Damian Mehers tells us more about Evernote's Pebble app | Connectedly

Damian Mehers tells us more about Evernote's Pebble app

Evernote Pebble
By Adam Zeis on 26 May 2014 11:22 am

Recently I got to chat with Evernote's Damian Mehers, who had his hand in everything from the Evernote Windows Phone client to Evernote Food for Android and more importantly Evernote for the Galaxy Gear and Pebble. I got to pick his brain a bit to find out just what goes down from start to finish with an app like this. Evernote is known for their cross-platform note taking on computers, phone and tablets, but there was certainly more to it.

I was curious to find out more on just what goes into creating an app like for a wearable device, and Damian was kind enough to lend some insight for us.

What was the motivation to move Evernote to the wearable space?

Part of what makes Evernote so useful is that you can access your stuff pretty much no matter where you are and on whatever device you want to use, be it the Web, Windows, Mac, iOS, Android, Windows Phone etc. So it was a natural extension of this to bring Evernote to the wearable space too.

The tricky thing is how to render your information useful to you given a small screen and limited input. Here context is key.

On devices such as the Samsung Galaxy Gear we also let you capture information and save it to your Evernote account, such as taking photo or voice notes from your watch.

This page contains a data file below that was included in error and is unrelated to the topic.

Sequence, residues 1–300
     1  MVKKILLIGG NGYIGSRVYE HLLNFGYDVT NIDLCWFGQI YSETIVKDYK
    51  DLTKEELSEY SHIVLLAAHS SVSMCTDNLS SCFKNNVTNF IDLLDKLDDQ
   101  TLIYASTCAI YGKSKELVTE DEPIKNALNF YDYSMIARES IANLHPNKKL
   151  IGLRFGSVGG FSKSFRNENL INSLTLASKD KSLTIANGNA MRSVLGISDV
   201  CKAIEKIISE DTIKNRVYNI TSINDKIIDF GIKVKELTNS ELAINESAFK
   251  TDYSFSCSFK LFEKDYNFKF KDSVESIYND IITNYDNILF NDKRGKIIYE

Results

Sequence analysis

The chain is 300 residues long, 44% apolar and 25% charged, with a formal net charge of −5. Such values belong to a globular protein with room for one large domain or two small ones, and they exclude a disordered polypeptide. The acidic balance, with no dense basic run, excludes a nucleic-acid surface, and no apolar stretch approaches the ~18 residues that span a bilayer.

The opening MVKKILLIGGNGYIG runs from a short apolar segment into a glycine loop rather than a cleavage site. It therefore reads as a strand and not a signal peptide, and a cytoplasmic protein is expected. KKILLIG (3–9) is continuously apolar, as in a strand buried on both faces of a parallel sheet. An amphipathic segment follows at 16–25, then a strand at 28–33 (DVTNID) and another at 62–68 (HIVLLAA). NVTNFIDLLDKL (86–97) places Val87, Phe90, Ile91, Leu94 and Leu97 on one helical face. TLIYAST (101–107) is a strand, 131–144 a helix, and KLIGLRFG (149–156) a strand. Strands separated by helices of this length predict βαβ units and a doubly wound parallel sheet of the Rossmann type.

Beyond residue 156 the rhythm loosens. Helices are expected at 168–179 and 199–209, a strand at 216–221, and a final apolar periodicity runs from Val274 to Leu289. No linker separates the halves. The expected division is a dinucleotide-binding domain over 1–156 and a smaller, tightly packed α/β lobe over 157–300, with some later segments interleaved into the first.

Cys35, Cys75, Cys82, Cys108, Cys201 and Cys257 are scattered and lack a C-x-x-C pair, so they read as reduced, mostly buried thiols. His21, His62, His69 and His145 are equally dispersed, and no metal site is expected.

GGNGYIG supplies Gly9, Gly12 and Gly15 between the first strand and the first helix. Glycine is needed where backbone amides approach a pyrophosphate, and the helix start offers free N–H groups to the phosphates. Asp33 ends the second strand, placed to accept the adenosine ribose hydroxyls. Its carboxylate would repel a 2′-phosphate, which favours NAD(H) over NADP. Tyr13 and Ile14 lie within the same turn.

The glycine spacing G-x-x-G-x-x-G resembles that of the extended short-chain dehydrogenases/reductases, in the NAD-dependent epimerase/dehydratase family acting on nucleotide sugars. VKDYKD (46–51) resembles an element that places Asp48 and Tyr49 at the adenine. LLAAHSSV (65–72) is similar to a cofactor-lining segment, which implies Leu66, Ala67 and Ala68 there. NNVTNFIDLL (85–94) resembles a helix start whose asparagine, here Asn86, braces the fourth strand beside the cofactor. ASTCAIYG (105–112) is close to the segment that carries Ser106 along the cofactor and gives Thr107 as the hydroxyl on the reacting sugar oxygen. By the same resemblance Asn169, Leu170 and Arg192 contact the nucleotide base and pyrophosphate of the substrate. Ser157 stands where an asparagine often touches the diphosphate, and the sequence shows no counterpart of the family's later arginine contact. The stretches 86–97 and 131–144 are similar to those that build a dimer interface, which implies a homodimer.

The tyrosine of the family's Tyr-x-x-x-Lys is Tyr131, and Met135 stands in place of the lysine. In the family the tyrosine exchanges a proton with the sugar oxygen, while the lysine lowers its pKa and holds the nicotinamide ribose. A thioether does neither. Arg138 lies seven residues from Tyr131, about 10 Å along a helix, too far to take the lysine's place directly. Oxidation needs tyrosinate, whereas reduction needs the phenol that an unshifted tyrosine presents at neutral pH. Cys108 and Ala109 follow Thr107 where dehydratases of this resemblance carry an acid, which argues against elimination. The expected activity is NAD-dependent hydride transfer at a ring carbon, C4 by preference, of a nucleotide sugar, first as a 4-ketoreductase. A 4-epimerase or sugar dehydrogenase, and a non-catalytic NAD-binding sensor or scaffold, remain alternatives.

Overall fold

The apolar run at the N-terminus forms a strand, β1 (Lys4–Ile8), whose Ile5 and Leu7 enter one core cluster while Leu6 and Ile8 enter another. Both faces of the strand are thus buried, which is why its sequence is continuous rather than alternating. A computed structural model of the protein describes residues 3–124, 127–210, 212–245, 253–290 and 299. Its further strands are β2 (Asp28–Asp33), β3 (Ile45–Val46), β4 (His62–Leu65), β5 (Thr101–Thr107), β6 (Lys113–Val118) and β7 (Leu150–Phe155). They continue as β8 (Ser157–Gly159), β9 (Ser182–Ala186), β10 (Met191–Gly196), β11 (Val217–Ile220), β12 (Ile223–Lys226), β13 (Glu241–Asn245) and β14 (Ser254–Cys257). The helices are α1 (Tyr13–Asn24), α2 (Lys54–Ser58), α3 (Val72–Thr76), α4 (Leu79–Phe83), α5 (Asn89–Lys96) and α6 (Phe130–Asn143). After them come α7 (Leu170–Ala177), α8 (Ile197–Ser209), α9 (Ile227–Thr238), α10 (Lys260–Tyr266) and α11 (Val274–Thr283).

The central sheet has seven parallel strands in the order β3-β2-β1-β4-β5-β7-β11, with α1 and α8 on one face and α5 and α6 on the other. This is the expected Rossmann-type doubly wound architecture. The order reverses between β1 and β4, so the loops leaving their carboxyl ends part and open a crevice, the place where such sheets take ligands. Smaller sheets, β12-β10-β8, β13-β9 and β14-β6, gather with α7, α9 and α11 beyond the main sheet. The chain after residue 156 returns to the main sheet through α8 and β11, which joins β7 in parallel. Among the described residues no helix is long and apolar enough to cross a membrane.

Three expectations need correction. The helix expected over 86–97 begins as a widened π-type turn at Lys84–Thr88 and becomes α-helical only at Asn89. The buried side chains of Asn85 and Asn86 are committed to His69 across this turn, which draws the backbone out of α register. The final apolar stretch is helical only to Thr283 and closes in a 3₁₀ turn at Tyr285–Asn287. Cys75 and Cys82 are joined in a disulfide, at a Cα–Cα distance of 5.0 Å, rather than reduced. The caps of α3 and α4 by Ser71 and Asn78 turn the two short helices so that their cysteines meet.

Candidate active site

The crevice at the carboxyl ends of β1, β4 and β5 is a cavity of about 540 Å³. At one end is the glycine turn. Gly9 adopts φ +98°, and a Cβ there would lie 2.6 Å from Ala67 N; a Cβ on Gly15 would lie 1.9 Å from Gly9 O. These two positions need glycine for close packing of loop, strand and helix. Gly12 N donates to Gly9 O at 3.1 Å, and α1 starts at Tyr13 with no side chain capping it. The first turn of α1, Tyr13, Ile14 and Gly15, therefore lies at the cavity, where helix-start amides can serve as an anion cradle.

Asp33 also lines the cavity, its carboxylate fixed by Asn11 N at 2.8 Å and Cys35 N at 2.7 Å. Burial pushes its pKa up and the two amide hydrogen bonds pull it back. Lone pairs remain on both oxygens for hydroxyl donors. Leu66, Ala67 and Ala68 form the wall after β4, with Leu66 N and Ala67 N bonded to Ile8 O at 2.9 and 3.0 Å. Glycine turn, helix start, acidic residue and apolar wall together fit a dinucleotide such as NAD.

What were the biggest design considerations when making Evernote on Pebble?

We wanted to make it as easy to use as possible. Key to this is surfacing your most important information when you need it, based on your context, since searching is out of the question.

So if you are visiting a place you have already visited, and taken notes at, such as a restaurant, or a company, we make it really easy to find nearby notes, or if you are at the supermarket and have your shopping list in Evernote, you can quickly and easily find your checklists and check items off.

Obviously not all information in Evernote is appropriate for the wrist, but small text notes, checklists and photos can make sense in that space.

How did you decide what features to include in the app?

We tried to provide easy access to your notes based on context - easy access to your most important notes (shortcuts and reminders), easy access to notes you created nearby, easy access to checklists.

Above and beyond that, recognizing that the Pebble does appeal to early adopters, we did also give you ways to access notes through more traditional means, such as through tags, notebooks and saved searches, which are a little more fiddly to use.

What is your favorite feature of the app?

I really like the checkbox feature - when making the choice between pulling out my phone or using my watch, some things are clear winners - being able to check items off without having my phone out is much easier when shopping.

Are there any features that we may see added to the Pebble app in the future?

The initial feedback has been very positive, with the app very highly rated in the Pebble store. We did everything we thought made sense in the initial release, but I'm sure we missed something. Let us know!

Many thanks to Damian for answering our questions. You can find Evernote for Pebble in the Pebble Appstore and check out Damian's blog for more.

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Damian Mehers tells us more about Evernote's Pebble app